||My Khyber Marriage: Experiences of a Scotswoman
as the Wife of a Pathan Chieftan’s Son
Morag Murray Abdullah
Riders' Guild Press.
I recommend this book to anyone wanting to learn more
about the Afghanistan that existed long before the Soviet intrusion in the
1970s, the emergence of the Taliban and NATO’s intervention in a post
Morag Murray, a Scot, married the son of a Pathan
chieftain just after World War I, converted to Islam and followed her
husband to his home near the Khyber Pass. She was an adventurous,
independent young woman, unusual for those times, who enthusiastically
learnt the language and customs of her husband’s people and entered
fully into their life.
She has written a remarkable insider’s view of
Afghan culture. The description of her extraordinary wedding and its
preparations (worth reading for that alone), her life amongst the tribes,
the exquisite manners expected of all people, and the affection and
bravery of her new family and friends make this an exceptional memoir.
This account of her married life stands as a
wonderful testament to the author, her husband and to her adopted country
of Afghanistan. Her marriage lasted over forty years, until her death in
Murray’s grandson is the popular travel writer,
Tahir Shah, who may be known to readers for his books including: The
Caliph’s House: a Year in Casablanca, In Arabian Nights and The
|Seven Seasons in
Aurukun: My Unforgettable Time at a
Remote Aboriginal School
Allen and Unwin
Aurukun is a remote area in Northern Queensland near
the Gulf of Carpentaria. To describe life in this remote indigenous
community as confronting and extremely difficult is an understatement. At
Aurukun had a population of 1,043. Of that number there are approximately
900 indigenous individuals belonging to five tribal groups; this often
leads to tensions and violence.
As I read this book I could see clearly how the
education system we take for granted elsewhere in Australia has little
relevance to the children of Aurukun, and I found myself wondering what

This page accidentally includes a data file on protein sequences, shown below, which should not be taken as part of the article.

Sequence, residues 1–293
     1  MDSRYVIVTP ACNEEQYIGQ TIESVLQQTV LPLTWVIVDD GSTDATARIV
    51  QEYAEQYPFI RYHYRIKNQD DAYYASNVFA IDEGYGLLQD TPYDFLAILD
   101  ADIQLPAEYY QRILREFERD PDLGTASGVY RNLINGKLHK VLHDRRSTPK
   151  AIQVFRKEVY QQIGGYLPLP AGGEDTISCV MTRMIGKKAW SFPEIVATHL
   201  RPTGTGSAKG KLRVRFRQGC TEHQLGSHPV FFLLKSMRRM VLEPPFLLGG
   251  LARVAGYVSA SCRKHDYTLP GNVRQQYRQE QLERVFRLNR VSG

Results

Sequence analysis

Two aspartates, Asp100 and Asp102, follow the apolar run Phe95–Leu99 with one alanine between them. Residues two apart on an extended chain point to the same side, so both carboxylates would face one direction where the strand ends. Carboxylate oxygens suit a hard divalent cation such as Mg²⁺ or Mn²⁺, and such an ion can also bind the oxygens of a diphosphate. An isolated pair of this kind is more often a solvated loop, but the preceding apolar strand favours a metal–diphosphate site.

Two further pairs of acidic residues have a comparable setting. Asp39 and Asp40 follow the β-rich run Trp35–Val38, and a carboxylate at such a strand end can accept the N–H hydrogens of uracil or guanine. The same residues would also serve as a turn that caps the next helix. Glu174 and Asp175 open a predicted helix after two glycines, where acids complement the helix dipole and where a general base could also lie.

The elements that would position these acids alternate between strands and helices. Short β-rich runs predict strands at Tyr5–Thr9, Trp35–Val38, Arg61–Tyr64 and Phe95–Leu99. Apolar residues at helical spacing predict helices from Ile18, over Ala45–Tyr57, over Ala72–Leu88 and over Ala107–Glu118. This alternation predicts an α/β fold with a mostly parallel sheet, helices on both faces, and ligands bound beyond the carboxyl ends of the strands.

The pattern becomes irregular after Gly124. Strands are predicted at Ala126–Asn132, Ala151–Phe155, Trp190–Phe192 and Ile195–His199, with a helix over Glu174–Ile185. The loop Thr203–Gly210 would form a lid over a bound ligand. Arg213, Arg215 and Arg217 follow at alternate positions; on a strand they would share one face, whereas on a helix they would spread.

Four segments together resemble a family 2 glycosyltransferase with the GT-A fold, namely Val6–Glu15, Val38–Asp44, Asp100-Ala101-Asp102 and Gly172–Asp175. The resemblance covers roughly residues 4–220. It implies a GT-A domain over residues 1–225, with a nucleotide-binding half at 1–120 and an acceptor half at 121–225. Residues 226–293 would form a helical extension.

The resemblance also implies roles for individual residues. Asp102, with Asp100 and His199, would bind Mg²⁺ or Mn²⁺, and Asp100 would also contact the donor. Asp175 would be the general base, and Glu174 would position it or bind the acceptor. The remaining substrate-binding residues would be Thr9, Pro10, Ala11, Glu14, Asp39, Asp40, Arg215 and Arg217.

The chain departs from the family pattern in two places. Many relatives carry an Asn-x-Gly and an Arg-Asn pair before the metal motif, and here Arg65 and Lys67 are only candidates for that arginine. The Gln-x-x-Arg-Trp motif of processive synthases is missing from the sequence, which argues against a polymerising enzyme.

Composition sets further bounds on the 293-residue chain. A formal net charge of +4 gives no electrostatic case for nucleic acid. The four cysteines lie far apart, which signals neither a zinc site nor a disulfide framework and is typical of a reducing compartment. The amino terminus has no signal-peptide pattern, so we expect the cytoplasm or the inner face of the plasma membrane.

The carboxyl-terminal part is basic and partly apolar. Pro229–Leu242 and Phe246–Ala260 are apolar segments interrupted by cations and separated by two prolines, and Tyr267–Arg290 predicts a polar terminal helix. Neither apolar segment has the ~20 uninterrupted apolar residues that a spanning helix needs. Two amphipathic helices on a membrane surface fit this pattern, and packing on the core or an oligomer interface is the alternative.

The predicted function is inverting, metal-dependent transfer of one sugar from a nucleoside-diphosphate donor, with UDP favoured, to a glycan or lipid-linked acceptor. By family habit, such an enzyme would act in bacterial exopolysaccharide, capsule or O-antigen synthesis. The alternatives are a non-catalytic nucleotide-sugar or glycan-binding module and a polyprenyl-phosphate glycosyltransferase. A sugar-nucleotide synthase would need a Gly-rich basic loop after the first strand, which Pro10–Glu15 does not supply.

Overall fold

should take its place.
The author, Paula Shaw, is a born teacher and also
happens to be my neighbour. Underpinning everything she does and in spite
of her frustrations, exhaustion and tears, is the strong desire to help
her pupils and not let them down. I found this book difficult to put
down because so much of it showed an aspect of Australian life that is a
world away from most of us. Shaw loves nature and has a huge respect for
the way the children she taught live as part of the land and understand it
in a way a whitefella never will.
Shaw’s book is a no-holds-barred memoir of her time
spent in Aurukun. Some of the dialogue is ‘ripe’, reflecting the every
day English of Aurukun. Her descriptions are full of gems like: ‘I’m a red soup of sniffling, sweat and sobs’ or ‘I want to
take my brain out and rest from this’.
For freshness and candour, for information, and much
more, this is a modern classic.
||Over the Edge of the
N Y. Harper Collins,
At school we learnt of Magellan’s voyage, the
Straits of Magellan, the Magellanic Clouds, Patagonia, the Spice Islands,
but nothing at all of the sufferings he, and the members of his
This is a tale without heroes; indeed it seems
impossible for anyone to be heroic in the face of three years of suffering
including: deprivation, disease, mutiny, murder, and shipwreck, plus large
doses of evangelistic zeal. Envisaging the conditions under which these
sailors existed is almost impossible today.
Two hundred men set sail in five ships—only one
ship and eighteen men returned to Spain; Magellan not amongst them. The
survivors returned to Spain carrying large amounts of the cloves and
nutmeg that formed a stronger basis for wealth than did gold, at the time.
In the course of their voyage, Magellan and his men
encountered strange peoples with even stranger customs. I found these
fascinating and bizarre tales helped counter the horror I felt when reading harrowing descriptions of how the
Magellan’s voyage is said to have bridged the old
world and the new, bringing Europe into contact with ways of thinking,
living and being that had never before been imagined. Of course its
purpose was hardly altruistic; its purpose was to gain commercial,
political and religious power. After reading this book there are times
when one wishes they had saved themselves the agony and distress and
stayed at home.